Page 1

How Dogs Effect Their Owner’s Identity and Increase Wellbeing Written by Brooke Graham

Written for Rachael Hunter COMM2213 April 6, 2018


ABSTRACT The dog-human relationship has proven to provide a positive impact on the lives of many across the globe. From the way they shape home lives, to the unique bond and attachment we feel, pet dogs indeed have the ability to change who we are as human beings. While physical health benefits have been deeply looked into in the past, this report will instead direct the focus to how we further develop our identities due to our companions. This report will touch on home making practices, attachment and bond between the human and dog, how our pet dogs have the power to advance our true selves, and various other positive effects. Research was found through the EBSCO database using peer-reviewed, English language and full text articles. All articles used in this report obtain different ways of concluding results, such as interviews, writing diaries, or surveys, all from whom were dog owners. From here, it is concluded that our pet dogs have the ability to further change one’s identity through strengthening relationships, giving their owners a sense of non-judgmental and loving comfort, shaping the routines of their owners in further making the house feel as a home, and providing a sense of friendship. It can be recommended that an individual seek the presence of a dog throughout their life time due to numerous wellbeing benefits. In addition, it can also be recommended that future research is approached with the angle of direct effects on the human brain, with methods that better the understanding of the varying effects.


TABLE OF CONTENTS ABSTRACT……………………………………………………………………………………… i INTRODUCTION………………………………………………………………………………. 1 METHODS…………………………………………………………………………………….. 1-2 DISCUSSION……………………………………………………………………………………. 2 Home Making Practices…………………………………………………………………2-3 Attachment and Bond to our Pet Dogs ………………………………………………...... 3 Direct Effects on us as Humans………………………………………………………….. 4 Changing a Humans Identity……………………………………………………………4-5 CONCLUSION………………………………………………………………………………….. 5 RECOMMENDATIONS………………………………………………………………………... 5 REFERENCES………………………………………………………………………………….. 6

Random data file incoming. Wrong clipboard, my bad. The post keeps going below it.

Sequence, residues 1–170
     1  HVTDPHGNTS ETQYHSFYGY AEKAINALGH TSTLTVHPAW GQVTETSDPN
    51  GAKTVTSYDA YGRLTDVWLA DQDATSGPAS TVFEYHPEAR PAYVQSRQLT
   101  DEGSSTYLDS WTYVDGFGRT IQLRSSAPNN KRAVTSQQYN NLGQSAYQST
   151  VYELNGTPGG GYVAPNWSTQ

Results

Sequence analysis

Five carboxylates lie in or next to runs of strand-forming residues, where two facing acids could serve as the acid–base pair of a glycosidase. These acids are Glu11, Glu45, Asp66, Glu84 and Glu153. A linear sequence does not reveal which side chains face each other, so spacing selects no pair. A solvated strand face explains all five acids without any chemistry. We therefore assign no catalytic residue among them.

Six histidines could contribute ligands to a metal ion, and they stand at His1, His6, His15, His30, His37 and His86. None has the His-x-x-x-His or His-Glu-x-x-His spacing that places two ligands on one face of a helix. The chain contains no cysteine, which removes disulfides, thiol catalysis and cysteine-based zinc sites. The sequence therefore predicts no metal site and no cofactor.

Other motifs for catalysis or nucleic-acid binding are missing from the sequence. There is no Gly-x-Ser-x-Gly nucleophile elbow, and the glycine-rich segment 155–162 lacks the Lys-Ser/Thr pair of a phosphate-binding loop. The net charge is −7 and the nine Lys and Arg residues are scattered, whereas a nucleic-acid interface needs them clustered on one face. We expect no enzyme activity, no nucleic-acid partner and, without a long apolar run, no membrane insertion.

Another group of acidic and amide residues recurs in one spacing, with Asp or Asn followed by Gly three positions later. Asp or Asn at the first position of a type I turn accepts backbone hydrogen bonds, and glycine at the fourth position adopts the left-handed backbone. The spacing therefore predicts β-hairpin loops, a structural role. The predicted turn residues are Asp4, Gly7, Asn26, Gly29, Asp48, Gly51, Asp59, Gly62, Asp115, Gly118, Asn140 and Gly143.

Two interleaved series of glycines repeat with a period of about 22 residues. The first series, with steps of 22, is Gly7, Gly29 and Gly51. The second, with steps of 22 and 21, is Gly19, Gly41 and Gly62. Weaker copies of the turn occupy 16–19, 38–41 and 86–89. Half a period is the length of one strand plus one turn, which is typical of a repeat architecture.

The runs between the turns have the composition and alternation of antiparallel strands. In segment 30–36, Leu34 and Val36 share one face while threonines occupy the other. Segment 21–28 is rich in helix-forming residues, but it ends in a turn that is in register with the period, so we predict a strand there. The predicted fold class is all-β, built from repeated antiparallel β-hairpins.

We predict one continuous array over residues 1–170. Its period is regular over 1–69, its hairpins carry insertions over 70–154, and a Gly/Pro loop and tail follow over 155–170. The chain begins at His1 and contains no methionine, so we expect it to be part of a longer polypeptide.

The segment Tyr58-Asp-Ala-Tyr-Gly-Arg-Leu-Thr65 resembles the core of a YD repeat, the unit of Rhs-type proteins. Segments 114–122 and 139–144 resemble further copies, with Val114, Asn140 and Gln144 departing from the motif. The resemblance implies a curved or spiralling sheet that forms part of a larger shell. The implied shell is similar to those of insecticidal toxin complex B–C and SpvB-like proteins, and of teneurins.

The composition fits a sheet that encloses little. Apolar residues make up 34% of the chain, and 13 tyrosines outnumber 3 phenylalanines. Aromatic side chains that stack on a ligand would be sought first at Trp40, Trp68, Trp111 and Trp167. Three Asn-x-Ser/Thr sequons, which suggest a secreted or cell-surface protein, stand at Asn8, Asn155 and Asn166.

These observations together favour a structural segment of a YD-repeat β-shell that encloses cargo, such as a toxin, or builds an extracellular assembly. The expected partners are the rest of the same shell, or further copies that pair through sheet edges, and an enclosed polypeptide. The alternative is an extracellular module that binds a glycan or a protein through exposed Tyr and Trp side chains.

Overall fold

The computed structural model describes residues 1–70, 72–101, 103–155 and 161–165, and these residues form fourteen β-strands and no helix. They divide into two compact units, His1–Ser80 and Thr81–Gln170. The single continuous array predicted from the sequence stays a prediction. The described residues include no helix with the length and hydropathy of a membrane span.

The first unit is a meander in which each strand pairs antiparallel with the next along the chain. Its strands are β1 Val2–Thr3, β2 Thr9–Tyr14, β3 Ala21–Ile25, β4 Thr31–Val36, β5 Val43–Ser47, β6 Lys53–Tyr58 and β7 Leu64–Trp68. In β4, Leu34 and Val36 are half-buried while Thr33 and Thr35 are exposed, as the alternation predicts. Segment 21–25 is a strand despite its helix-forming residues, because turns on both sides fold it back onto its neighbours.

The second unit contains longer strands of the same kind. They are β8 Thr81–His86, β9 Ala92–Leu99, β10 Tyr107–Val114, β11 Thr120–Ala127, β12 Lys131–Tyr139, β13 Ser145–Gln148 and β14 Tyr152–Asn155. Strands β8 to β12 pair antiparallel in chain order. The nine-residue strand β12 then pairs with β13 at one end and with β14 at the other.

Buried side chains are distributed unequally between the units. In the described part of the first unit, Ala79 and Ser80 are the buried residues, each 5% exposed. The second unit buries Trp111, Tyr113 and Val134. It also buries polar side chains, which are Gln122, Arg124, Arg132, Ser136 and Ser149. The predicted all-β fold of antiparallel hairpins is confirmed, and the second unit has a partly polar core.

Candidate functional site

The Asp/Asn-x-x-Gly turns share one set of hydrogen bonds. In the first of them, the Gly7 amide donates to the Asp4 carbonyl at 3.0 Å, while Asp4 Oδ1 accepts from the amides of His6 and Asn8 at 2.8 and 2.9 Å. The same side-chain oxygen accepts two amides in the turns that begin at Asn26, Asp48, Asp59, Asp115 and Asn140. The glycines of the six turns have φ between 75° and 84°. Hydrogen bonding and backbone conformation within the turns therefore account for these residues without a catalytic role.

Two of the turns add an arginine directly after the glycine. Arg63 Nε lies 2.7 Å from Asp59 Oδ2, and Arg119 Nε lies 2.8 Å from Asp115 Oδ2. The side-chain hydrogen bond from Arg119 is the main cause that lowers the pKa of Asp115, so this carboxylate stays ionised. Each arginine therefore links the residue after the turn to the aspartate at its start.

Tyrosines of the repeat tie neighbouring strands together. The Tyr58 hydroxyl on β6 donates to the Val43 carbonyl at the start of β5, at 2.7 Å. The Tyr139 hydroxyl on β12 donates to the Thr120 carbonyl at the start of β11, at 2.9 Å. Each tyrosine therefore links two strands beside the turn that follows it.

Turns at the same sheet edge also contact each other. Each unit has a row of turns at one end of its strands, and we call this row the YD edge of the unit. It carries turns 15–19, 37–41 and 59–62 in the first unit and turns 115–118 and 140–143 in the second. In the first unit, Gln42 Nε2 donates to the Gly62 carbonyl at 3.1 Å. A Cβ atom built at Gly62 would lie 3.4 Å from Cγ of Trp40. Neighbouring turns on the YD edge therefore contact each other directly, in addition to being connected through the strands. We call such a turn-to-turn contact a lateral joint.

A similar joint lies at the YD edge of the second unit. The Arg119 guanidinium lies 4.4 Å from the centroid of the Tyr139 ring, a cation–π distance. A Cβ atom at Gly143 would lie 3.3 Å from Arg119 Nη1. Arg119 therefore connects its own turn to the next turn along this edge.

INTRODUCTION From as early as 32,000 years ago, dogs have been roaming this earth. “Dogs have not only offered love and affection, but worked side-by-side with their human counterpart for centuries” (Smith, 2018). “The last fifty years have seen dogs increasingly drawn into the home as family members” (Power, 2008, p. 535), allowing pet dogs to be seen as attachment figures. “What’s interesting about this, is that dogs evolved alongside humans, so they are able to connect with us on a deeper level than many animals today” (Watson, 2016). From the beginning, the human species have created a special bond with dogs, constructing the way a home functions, and how we, as individuals, view ourselves. “A tenuous and contingent relation that is made” (Power, 2008, p. 536), more-than-human families have been proven to change our emotions and behaviours as human beings. The purpose of this report is to examine the various ways our pet dogs impact our lives. It will explore the notion of home making practices, emotional and mental health benefits, and how the human-dog relationship has changed the individual. It will also tackle the concept of the humandog attachment/bond, the uniqueness of human-dog interaction, and the effects on the human (such as a sense of security and source of safe haven). This report will begin by providing an overview on home making practices, and how humans view their pet dogs as a vital part of their home. It will then move into the concept of attachment and bond that lie between the human and dog. From there, the effect of dogs on human beings will be further explored, and conclude with how these effects have the ability to change a human being’s identity.

METHODS Research used for this report was found through the EBSCO database using English-language, peer-reviewed and full text articles. A publication date was not used, allowing for a wider range of articles. The following search terms and words were used: “pet dogs” “attachment”, “dogs” “human character”, “dogs” “human personality development”, and “dogs” “attachment” and “humans”. Research for this report was gathered from January 25 – March 25, 2018. Unfortunately, research on this topic was extremely limited and difficult to find. Specific information regarding the effect dogs have on the human brain, in further changing one’s identity, was non existent. Research articles selected for this report touched on various aspects of the human-dog relationship, such as attachment and creating a home. However, each article brought in a different perspective. Some articles consisted of interviews with pet owners, surveys with pet owners, or participating pet owners recording diaries over a nine-month period. In addition to the academic research, two credible media sources were also used for this report. Both articles were found on March 23, 2018. Key terms used in Google were: “dogs and


humans” and “dogs and human relationship facts”. Each reiterated many points found from the research component; however, both added depth and potency to the report. Google was also used to find one academic research article, belonging to ScienceDirect on March 23, 2018. The phrase used to find this article was: “dog and human facts”.